Part of a series. The Anchorage Daily News and the Anchorage Museum collaborate to Neighbors: Stories from Anchorage’s Pandemic Years. We collect stories and provide opportunities for residents to share their experiences from the past two years. We would love to hear from you. E-mail [email protected].
By the time chef Eric DuBey turned on the lights in Orso’s kitchen earlier this year, every surface had remained under nearly two years of dust. Established for 22 years on Fifth Avenue in downtown Anchorage, the restaurant hastily closed in March 2020. No one had returned.
“I was completely shocked. Just how the whole room felt, you know, since the last time I was there. It just felt deserted and abandoned,” DuBey said.
A restaurant is not made to be silent. A restaurant in the heart of a city is part of a larger organism, and many of them have to work – moving food, moving people, moving money – to provide momentum downtown. Stove pilot lights stay on, walk-in fridges hum, delivery trucks come and go. Line cooks, waiters, dishwashers, bussers, hostesses pointing. From 5, they welcome the city to their tables. After dinner there are shows to see, ice cream to buy, drinks at another bar. That’s how it’s always been in downtown Anchorage.
But the pandemic — lockdowns, customers’ fear of getting infected, lack of cruise ships, labor shortages — has shut everything down in Anchorage like everywhere else. Some blocks have kept a few lights on, but only now others are starting to flash. On show nights at the Alaska Center for the Performing Arts, parking on Fifth Avenue becomes a bit more difficult. The Westmark Hotel, closed for years, is accepting bookings for the month of May. And this month, against all odds, Orso lit up again.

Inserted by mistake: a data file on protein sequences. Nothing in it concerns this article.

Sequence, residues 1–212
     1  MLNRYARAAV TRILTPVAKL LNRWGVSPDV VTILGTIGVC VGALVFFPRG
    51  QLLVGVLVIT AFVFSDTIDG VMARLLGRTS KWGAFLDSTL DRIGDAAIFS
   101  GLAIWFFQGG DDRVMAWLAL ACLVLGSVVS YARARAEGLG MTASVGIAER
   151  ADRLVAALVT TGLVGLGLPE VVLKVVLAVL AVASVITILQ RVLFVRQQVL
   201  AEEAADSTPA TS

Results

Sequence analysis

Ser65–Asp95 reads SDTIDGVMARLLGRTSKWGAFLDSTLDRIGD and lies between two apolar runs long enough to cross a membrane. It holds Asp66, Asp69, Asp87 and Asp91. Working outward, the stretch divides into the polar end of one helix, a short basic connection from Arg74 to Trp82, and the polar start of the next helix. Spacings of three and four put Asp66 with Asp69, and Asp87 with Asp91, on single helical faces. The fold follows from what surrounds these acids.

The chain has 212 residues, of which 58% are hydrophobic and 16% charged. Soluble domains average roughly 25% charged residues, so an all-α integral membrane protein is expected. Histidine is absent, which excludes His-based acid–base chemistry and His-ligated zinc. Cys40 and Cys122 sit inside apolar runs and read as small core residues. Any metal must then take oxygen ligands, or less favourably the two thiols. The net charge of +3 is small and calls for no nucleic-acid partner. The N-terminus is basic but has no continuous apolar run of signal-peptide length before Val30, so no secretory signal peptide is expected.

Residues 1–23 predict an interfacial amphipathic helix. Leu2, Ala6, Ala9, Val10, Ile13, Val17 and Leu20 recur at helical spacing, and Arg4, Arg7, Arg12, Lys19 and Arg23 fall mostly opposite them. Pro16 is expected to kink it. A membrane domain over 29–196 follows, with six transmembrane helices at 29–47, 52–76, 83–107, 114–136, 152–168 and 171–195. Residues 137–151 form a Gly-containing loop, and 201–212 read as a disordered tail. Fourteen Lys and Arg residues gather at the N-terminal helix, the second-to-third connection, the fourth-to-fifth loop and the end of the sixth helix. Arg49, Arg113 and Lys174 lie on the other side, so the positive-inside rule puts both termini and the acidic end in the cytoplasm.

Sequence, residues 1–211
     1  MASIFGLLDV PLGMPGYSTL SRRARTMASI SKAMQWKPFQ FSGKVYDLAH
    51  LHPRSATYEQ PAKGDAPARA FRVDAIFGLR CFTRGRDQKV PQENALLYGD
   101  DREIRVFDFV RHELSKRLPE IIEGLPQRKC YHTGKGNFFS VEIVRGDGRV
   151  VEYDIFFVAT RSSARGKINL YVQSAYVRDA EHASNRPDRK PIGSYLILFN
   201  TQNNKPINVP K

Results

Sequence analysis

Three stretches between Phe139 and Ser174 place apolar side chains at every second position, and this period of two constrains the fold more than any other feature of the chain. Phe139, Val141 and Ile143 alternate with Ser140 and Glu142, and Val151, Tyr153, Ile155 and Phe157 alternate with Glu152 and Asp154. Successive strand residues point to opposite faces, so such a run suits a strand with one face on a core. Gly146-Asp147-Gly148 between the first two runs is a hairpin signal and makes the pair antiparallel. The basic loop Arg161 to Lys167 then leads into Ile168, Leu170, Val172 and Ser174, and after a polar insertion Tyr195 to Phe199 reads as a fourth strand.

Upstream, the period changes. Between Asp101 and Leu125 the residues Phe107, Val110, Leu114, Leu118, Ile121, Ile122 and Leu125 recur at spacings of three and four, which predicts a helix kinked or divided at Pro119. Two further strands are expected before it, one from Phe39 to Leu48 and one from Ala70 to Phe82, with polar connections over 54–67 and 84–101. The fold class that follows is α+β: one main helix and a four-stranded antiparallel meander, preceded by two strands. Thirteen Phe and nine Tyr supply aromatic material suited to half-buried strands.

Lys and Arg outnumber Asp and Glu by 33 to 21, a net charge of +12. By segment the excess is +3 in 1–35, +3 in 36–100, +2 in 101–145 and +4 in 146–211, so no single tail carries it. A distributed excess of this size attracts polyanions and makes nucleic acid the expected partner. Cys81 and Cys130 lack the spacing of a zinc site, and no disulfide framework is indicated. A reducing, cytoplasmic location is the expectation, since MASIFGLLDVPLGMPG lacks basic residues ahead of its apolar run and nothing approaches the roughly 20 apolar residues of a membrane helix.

It almost didn’t happen. It was owned by Bob Acree and Chris Anderson, who also own Glacier Brewhouse next door. Amid the uncertainty of the pandemic, Anderson decided to sell. At one point, potential new occupants made a tour but decided not to make a deal. Robert McCormick, a longtime management employee, decided to buy Anderson’s stock to keep Orso alive.
“I just believe in the restaurant,” he said.
Orso’s original concept was an upscale hangout with an Alaskan twist, a contrast to the more laid-back brasserie. Before it closed, the place was often crowded, especially during the tourist season. The regulars had well-rehearsed routines. Maybe it was a glass of wine and gemelli seafood on a bad day. Or maybe they liked to slip into the leather bar chairs before a show at PAC and sip a signature Old-Fashioned.